by Alexa Neale, Project Research Fellow
I’ve been using The National Archives crime collections (CRIM, ASSI, DPP, HO, MEPO, PCOM and J) regularly in my research since early 2012. Over the years I’ve developed techniques and strategies for identifying cases, working in the archives, analyzing the documents, contextualizing the sources and writing about them. I wrote about these processes in my doctoral thesis and touched on them in my viva, but neither of those instances required a detailed description of what I actually do in the archives. Nor could I find any literature on what to do in the archives when I started out there – I pretty much worked it out as I went along, developing strategies to maximize time and volume of documents as my different projects moved along and their needs evolved. To my surprise, it came up as a question in my interview in 2017 for my current position as Research Fellow on the Race and the Death Penalty project:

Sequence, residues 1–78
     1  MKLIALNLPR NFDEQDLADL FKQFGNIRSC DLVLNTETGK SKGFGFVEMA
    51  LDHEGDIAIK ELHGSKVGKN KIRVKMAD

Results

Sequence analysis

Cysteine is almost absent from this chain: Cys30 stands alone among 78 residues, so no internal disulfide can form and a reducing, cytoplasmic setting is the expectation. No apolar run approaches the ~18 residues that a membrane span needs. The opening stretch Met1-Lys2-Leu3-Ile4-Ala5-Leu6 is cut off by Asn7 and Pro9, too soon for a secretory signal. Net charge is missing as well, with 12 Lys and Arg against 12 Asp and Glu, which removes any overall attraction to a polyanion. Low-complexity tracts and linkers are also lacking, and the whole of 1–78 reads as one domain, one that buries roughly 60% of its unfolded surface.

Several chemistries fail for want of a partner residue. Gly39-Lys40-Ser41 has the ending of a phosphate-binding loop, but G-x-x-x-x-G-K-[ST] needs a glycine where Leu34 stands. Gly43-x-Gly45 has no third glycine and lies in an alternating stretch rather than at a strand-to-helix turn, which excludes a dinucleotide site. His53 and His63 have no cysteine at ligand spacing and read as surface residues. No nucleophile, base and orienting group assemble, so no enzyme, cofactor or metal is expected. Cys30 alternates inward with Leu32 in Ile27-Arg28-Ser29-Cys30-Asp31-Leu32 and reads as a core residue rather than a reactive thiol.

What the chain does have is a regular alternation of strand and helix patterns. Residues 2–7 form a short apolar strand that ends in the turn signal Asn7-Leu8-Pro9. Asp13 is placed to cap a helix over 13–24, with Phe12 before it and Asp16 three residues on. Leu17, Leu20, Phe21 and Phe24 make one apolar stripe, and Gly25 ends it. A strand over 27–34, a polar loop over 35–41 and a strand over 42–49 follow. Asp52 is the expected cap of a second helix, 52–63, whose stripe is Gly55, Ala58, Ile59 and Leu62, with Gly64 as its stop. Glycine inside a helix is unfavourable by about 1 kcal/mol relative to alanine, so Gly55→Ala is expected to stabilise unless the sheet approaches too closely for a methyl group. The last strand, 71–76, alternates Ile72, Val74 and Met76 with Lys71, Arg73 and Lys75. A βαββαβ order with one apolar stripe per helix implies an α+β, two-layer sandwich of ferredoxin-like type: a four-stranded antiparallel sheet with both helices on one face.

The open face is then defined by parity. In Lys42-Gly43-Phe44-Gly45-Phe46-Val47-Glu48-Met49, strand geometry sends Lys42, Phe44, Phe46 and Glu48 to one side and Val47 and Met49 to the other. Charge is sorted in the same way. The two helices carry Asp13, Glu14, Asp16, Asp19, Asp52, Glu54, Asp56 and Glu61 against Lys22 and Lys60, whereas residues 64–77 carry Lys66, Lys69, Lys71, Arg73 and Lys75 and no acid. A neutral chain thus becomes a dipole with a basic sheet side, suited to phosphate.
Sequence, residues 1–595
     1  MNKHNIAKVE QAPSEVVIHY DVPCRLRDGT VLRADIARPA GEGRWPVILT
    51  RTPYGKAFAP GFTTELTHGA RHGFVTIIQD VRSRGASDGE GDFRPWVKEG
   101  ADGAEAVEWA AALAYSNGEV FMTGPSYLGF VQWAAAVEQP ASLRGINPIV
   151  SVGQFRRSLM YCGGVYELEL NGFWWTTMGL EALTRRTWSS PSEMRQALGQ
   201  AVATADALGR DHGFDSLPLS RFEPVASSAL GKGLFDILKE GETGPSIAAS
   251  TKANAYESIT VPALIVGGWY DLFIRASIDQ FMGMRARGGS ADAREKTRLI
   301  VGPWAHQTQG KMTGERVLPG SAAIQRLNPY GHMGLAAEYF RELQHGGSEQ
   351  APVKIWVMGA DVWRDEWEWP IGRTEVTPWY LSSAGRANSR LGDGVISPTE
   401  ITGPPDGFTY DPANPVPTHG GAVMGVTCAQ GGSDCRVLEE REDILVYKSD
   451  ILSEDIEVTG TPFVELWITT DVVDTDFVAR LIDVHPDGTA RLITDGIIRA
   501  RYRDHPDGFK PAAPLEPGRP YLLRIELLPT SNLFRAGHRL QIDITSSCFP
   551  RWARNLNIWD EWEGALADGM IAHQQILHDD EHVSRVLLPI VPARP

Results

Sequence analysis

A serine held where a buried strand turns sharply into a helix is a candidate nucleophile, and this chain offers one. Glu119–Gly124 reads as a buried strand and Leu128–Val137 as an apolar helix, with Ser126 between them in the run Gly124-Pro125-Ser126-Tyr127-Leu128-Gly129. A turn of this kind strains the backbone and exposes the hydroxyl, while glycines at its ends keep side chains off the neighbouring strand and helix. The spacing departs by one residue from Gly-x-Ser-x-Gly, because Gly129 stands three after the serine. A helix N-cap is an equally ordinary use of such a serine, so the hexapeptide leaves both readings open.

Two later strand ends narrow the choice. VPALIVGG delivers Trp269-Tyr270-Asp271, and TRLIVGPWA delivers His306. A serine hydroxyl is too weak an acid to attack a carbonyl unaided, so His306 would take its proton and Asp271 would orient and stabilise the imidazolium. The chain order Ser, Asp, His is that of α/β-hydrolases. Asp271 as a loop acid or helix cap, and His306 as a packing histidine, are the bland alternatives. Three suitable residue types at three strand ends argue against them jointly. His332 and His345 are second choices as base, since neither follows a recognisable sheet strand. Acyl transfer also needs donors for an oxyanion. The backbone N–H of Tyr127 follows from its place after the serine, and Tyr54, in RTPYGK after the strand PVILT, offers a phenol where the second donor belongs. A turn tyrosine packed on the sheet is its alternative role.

“What do you do when you go to the archives? How do you go about collecting data?”
This was a far more practical, not even methodological, question than I was used to as part of the academic job application process. I found myself trying to work out how I could answer the question using the S.T.A.R. method! Then I realized there was no trick in the question, Lizzie (Seal, Project Principal Investigator) just wanted to make sure I’d be able to hit the ground running, that I could work independently on the data collection aspect of the project and that I wouldn’t need extensive training in archive research methods to be able to do the job. As it was a role in Historical Criminology there was every chance that an applicant’s research experience could lie elsewhere – in conducting ethnographic interviews, for example, or working with survey data rather than being comfortable with working in archives. And having so much experience of working at The National Archives specifically, and with the HO (Home Office) and other files that would be central to the project particularly, was an additional benefit to the project I was happy to highlight to Lizzie and the other members of the interview panel.